(AsiaNews) - Enhancing education among young people, promoting pastoral care,
helping addicts and caring for the disabled and marginalized by society. These
are just some of the many activities undertaken over the years by the Sisters
of Charity of St Jeanne Antide Thouret (Sdc), who first arrived in Pakistan in
1982 under the guidance of Sr. Anna Sammut. The nuns have chosen Lahore (Punjab) as a base, working initially to encourage study
and education among the poor children of Shahdara Bagh, a suburb north of the town,
on the north bank of the river Ravi. To tell AsiaNews about their work today is Sister
Hend Salloum, the first regional superior of Sdc in Pakistan. She arrived in 2001 from Damascus, in Syria,
and had previously worked in Lebanon,
Egypt, India and the island of Malta.
Through education, said the nun, even children born into poor families can earn their own place in the home and in society. To achieve the goal is important to promote the work of ministry, which encourages the full development of children. After years I parents themselves began to understand the importance of studying and "making every effort" to enable children to study. And in Shahdara, where they founded the first center, the sisters have set up relief and aid centre for families, so all children have access and the right to education.
Sister Hend Salloum explains the work of women religious in Lahore, in the field of pastoral care and education, combined with the management of a center for mentally disabled - a home to women and children - called Dar-ul-Krishma and located in the suburb of Youhanabad. For families who do not have sufficient resources to send their children to school, she adds, we guarantee a free education, or just ask for a minimum fee. "Schools - says Sr Hend - are very helpful for the local Church in Pakistan."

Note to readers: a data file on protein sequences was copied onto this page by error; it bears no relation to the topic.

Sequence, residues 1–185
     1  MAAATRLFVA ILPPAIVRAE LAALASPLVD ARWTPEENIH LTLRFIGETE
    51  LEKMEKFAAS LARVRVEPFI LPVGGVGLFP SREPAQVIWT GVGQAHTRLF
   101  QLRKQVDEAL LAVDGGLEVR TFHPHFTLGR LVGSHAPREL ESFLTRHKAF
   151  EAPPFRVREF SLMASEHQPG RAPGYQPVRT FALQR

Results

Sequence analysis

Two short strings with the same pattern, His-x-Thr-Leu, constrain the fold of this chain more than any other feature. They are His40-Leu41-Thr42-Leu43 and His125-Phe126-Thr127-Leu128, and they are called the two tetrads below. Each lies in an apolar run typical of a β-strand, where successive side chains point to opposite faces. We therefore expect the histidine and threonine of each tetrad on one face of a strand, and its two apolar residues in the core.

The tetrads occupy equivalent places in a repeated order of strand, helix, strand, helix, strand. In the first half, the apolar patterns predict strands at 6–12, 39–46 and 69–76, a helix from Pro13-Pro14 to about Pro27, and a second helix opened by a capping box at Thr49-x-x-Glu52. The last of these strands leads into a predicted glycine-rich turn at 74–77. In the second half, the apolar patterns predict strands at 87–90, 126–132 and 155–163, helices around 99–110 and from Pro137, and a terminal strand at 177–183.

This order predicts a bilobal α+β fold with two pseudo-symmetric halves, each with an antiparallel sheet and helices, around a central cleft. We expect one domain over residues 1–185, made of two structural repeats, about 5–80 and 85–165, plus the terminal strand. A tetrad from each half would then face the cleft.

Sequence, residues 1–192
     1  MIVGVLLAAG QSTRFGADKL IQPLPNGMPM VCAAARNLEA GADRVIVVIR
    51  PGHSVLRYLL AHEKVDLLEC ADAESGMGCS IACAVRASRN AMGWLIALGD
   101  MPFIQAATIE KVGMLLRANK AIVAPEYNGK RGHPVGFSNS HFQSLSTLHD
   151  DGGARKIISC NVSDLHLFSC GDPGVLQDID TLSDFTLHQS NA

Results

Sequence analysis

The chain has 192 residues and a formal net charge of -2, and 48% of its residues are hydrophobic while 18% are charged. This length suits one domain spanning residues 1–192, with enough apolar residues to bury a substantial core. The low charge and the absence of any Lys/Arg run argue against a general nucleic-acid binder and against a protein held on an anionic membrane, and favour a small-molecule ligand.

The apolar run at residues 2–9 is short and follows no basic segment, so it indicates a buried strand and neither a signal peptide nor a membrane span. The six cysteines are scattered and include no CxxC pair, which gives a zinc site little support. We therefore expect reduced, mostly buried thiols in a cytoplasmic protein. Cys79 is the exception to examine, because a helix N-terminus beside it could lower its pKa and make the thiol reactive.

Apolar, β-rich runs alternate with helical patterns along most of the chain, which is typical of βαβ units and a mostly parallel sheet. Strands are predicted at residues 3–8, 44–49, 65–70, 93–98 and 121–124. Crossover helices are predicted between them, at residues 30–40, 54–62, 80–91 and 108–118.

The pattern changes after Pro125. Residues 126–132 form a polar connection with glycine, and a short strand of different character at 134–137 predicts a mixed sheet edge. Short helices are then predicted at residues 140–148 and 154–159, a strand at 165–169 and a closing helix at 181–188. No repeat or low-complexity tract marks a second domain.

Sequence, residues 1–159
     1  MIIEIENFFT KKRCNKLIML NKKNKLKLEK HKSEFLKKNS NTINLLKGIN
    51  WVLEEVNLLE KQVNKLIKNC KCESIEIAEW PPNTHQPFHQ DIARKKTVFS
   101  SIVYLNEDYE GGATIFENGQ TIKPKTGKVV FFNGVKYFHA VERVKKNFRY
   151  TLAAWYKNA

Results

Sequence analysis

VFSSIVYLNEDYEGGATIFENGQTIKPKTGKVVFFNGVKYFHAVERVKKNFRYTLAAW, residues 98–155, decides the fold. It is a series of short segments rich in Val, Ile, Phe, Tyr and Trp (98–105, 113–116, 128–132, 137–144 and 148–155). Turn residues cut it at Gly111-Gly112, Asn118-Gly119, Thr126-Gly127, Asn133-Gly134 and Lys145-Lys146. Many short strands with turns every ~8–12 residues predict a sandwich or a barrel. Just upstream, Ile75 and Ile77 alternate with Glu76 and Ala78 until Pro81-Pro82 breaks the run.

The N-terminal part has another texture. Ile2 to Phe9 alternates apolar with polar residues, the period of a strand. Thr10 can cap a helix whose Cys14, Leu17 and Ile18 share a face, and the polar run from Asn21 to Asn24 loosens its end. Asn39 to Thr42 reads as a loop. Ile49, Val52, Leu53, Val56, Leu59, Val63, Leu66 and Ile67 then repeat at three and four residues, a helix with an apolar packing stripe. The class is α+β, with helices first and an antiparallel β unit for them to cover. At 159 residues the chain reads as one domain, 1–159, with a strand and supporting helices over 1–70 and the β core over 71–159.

In Faisalabad, however, there is a center for drug addicts where meetings and initiatives for women and girls with drug problems are organized. Some of them are also provided with accommodation and the opportunity to continue their studies, to try to build a better life. At Baji Mariam, the name of the institution founded by a missionary originally from Malta, a hundred girls are cared for - there were originally only twenty - thanks to the dedication of the nuns and their collaborators. Often, police bring the girls to the sisters, not knowing who to entrust them to. And the priests, in case of need, know they can count on the diligent work of the Sisters of Charity.
But the central point, says Sister Hend Salloum, revolves around the religious education of the people, which is why she is launching a call for priests and religious, to become "more passionate" and vigorous in their pastoral work and teaching of the catechism.